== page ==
Review: To Be Taught, If Fortunate
If you’ve been keeping up with our reviews (and frankly, who hasn’t?) you’ll know that we enjoyed Becky Chambers RECORD OF A SPACEBORN FEW (EBR Review) and we’re looking forward to happily reading along with where she takes the Wayfarers Series. In the meantime, we can gladly recommend her standalone novella, TO BE TAUGHT, IF FORTUNATE.
Set about 100 years in our future, Earth is in the throes of global warming, with autocrats and general instability making funding science for the sake of science–not to build a weapon or garner profits for a corporation–a near impossibility. Instead of despairing, a group of scientists crowd-fund a world-wide space program, with small donations from hundreds of thousands of people reaching for the stars. It’s beautiful and bold and tenuous, just like most great endeavors.
TO BE TAUGHT, IF FORTUNATE (Amazon) is written from the perspective of Ariadne O’Neill, engineer and astronaut. Ariadne and her three fellow crew members comprise the Lawki 6 mission, sent to four habitable exoplanets to… well, to science the heck out of things. As Ariadne says, “we live and breathe why” (pg 3). I’m by no means a scientist, but the ideas that Chambers plays with, including synthetic biology/genetic engineering to enable space travel were interesting and it’s clear she takes her science very seriously (in the ebook edition I read there’s a question and answer between Chambers and her mother, who is an astrobiology educator and her main consultant).
As the crew travels from exoplanet to exoplanet, they find the conditions of their mission evolving and discover that communications from Earth have been mysteriously and abruptly cut off. TO BE TAUGHT, IF FORTUNATE is both a record of their discoveries and a plea from Ariadne and the crew to the people of Earth for guidance.
Look, I realize that sounds sort of vague and cerebral. And while there’s plenty of science and big ideas in the novella, Chambers brings her signature ability to find the human heart at the center of it all. I was struck by Chambers’ description of Ariadne as she wakes up from ‘torpor’ (or hypersleep…or whatever you want to call it). It’s a familiar scene for anyone who’s into space books, but Chambers does an excellent job of making something that could be very clinical into something very visceral and specific.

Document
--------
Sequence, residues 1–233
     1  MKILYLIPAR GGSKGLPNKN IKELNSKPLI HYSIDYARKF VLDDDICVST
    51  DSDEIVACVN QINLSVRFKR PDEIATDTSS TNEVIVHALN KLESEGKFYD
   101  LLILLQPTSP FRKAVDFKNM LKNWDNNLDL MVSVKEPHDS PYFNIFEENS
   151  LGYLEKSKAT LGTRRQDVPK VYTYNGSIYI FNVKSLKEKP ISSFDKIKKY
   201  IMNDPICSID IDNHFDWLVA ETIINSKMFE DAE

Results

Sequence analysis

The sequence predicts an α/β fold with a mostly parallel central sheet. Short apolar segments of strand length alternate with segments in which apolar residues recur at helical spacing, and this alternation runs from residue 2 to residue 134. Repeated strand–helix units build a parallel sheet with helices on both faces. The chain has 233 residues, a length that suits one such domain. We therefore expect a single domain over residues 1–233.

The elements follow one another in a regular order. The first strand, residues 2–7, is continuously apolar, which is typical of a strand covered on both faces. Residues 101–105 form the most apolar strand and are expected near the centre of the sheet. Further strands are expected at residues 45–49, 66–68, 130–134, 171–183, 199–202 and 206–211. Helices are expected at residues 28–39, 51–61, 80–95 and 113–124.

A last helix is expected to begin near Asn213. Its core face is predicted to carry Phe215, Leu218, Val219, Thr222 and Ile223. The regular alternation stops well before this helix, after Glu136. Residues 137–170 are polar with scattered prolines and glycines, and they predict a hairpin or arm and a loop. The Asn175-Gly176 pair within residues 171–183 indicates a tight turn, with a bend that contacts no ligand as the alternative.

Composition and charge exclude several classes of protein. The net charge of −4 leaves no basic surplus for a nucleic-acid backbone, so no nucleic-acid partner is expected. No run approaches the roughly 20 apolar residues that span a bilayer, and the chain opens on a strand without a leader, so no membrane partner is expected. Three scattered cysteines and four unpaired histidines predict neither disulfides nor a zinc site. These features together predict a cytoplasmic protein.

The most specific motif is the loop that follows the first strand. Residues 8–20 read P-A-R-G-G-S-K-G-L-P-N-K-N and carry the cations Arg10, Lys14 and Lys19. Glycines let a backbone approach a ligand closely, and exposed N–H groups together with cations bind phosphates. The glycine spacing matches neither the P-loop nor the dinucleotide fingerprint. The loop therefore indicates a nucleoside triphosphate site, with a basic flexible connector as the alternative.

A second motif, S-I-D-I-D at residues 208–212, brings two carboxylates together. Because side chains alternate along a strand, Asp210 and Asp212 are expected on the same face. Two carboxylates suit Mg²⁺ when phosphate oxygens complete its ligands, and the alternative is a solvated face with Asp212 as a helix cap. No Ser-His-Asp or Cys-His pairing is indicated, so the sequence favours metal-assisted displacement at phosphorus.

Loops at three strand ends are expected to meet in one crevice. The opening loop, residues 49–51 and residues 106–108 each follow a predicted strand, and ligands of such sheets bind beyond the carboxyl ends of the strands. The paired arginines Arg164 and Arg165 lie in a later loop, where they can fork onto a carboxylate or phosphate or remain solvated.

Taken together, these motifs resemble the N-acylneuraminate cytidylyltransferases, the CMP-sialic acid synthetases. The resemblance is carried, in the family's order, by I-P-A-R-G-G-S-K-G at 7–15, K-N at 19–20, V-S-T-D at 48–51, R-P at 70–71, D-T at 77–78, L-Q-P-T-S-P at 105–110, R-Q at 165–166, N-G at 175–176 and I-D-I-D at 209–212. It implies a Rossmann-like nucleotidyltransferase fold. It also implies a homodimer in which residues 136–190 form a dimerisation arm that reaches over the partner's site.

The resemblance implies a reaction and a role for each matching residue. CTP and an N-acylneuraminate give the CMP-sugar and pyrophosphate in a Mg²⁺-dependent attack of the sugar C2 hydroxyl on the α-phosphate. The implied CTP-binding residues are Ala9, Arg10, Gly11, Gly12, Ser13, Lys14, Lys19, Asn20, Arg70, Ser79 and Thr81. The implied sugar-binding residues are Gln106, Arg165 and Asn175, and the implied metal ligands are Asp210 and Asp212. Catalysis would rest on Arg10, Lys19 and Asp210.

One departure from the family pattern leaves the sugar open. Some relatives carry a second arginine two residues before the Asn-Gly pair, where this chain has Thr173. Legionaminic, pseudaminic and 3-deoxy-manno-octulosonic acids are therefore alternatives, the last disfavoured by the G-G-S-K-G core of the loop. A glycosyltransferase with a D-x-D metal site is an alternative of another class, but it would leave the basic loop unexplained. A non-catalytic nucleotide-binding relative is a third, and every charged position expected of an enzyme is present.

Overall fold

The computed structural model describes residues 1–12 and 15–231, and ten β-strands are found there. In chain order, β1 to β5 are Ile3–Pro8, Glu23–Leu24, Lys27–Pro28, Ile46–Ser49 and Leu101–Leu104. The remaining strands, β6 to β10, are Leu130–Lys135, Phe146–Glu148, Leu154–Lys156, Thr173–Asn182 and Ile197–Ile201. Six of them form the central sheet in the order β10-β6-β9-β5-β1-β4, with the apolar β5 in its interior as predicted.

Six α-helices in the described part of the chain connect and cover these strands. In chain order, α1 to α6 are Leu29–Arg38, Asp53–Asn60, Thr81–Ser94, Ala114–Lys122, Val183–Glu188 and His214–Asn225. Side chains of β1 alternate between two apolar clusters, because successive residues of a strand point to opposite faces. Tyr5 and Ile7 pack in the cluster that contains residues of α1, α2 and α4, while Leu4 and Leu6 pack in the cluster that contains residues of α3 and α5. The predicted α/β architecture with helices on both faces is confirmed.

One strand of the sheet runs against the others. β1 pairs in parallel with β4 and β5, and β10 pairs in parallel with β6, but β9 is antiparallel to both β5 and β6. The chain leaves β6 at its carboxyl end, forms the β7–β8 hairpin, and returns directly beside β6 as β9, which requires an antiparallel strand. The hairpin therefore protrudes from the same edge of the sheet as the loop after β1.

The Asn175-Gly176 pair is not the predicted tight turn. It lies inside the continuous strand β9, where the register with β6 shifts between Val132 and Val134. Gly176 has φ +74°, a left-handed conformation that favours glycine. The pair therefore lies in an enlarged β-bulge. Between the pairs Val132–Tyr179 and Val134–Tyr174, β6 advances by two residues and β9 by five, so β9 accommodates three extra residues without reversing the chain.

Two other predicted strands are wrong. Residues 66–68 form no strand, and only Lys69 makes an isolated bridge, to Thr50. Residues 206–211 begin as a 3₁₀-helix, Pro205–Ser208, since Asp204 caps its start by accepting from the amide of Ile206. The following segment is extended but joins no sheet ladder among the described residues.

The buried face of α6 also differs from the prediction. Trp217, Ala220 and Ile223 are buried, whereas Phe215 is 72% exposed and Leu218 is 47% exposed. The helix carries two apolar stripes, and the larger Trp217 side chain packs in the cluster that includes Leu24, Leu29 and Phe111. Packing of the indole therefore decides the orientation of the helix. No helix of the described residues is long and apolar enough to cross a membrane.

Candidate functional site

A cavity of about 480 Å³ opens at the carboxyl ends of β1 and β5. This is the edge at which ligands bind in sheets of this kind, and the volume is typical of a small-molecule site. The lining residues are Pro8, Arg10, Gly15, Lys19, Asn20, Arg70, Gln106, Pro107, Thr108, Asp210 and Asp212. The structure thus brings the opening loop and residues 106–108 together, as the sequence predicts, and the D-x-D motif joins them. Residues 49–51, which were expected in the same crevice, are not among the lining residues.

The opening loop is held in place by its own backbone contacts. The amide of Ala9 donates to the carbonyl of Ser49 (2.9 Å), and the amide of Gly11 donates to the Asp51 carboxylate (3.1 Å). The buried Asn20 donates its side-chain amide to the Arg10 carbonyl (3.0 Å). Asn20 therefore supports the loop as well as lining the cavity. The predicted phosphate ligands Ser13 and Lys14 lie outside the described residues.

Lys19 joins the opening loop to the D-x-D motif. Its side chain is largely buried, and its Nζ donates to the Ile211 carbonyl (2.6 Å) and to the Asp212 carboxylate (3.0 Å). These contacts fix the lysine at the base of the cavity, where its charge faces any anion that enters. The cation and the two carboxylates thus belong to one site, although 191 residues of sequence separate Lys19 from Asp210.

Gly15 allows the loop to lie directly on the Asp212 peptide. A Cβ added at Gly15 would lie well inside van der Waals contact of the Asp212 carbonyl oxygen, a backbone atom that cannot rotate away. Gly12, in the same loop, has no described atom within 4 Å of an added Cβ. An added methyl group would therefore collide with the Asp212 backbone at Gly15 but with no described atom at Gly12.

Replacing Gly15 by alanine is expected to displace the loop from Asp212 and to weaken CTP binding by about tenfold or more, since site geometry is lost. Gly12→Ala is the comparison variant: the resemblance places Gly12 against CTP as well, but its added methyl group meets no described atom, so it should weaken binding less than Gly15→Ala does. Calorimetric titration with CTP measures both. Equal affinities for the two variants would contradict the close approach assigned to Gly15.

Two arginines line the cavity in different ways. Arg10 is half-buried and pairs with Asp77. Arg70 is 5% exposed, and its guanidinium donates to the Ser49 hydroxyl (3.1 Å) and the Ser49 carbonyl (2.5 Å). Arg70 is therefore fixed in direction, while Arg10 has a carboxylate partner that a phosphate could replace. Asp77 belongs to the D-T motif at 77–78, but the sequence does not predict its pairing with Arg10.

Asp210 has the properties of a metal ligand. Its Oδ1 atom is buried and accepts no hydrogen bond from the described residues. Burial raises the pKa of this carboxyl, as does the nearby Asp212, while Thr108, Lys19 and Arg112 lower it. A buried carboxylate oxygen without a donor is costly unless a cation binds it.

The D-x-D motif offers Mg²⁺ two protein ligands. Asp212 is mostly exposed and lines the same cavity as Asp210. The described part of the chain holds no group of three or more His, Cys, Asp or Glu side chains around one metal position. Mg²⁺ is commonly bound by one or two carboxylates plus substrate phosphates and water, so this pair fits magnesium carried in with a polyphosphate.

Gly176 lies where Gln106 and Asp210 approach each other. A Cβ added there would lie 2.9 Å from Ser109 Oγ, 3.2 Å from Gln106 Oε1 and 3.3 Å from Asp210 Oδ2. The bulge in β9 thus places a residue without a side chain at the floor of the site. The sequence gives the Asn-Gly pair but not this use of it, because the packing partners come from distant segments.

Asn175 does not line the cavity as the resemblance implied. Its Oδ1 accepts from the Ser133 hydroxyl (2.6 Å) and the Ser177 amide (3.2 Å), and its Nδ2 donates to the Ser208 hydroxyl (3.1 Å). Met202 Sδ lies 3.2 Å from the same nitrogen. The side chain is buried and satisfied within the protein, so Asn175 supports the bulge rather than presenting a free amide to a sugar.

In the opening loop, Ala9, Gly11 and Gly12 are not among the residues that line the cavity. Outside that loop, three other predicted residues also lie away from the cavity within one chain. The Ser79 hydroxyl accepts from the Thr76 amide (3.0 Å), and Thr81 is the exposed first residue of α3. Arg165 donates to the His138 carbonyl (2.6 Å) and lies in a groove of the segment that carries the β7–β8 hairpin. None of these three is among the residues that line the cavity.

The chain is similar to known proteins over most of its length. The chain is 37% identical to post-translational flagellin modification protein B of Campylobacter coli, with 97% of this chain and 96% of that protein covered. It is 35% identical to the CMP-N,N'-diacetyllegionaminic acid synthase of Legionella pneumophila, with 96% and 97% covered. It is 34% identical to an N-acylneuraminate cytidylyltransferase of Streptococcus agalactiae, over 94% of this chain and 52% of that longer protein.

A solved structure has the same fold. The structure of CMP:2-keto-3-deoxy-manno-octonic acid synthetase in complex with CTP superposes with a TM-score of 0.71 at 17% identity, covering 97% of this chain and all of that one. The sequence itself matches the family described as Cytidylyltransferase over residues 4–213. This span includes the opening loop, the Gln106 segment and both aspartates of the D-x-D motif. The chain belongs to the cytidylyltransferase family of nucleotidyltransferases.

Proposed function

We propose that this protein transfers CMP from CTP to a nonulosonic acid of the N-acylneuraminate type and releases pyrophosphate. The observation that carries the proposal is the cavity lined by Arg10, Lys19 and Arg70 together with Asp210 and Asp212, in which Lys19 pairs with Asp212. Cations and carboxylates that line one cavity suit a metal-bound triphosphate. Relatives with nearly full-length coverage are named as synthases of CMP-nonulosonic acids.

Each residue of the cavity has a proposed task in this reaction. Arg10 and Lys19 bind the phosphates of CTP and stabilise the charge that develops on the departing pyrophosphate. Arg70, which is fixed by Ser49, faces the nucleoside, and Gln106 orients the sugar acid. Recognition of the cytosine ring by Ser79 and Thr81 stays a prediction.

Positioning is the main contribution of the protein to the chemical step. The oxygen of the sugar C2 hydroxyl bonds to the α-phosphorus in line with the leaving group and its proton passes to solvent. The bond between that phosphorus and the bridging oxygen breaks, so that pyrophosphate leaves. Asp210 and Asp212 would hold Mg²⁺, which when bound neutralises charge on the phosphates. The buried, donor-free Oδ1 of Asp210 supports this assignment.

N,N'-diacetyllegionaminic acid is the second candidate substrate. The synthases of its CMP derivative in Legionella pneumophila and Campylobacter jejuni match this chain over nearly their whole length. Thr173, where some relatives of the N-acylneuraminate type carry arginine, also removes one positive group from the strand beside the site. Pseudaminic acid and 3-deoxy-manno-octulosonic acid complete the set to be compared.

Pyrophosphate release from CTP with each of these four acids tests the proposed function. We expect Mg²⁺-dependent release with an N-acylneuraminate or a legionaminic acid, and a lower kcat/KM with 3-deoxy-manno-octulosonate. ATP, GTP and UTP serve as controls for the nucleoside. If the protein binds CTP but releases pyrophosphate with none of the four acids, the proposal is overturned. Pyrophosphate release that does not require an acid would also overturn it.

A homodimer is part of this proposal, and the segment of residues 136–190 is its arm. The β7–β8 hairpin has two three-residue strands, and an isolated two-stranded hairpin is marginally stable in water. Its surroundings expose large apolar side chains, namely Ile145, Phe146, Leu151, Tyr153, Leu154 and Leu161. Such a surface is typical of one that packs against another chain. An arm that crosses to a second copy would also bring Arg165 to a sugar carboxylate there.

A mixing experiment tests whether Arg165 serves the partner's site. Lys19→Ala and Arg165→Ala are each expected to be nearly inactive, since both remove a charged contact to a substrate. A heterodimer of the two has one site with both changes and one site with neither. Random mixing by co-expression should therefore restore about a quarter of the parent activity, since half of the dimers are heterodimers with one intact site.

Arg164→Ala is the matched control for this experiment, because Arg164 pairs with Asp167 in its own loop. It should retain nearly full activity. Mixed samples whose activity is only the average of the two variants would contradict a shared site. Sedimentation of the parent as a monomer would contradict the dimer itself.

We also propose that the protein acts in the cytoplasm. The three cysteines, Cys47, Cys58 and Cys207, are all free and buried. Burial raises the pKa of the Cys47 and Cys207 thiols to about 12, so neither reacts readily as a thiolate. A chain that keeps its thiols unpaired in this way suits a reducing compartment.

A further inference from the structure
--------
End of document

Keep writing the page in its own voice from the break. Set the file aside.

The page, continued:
Idea focused writing often prioritizes ideas over character, but Chambers never forgets the human spirit at the center of science.
The overarching narrative is driven by the movement from exoplanet to exoplanet as well as the mystery of the lost communications from earth. But the threads that pull the reader through are the joys and trials of scientific discovery including the ethical dilemmas as they visit new worlds and interact with the life they find there. That rhythm means that there are parts of the plot that involve waiting, or thinking, but there’s still a narrative pull through it all.
TO BE TAUGHT, IF FORTUNATE puts the reader explicitly in the position of someone who’s received this transmission, asking them to evaluate what Ariadne has written. Is Ariadne’s story compelling? Is what they have discovered “worth it?” What sort of personal and communal sacrifices should be made to further scientific exploration?
I suspect that the audience who will pick up these books will already be sympathetic to Ariadne’s plea for the importance of scientific discovery, but if they weren’t, Chambers makes a good case. Idea-forward/idea-focused writing can often prioritize ideas over character and plot but I thought that Chambers avoided most of these pitfalls and provided a moving and important call for doing science, never forgetting that at its center lies the human heart.
- Recommended Age: 12+
- Language: minimal
- Violence: none
- Sex: alluded to, but not depicted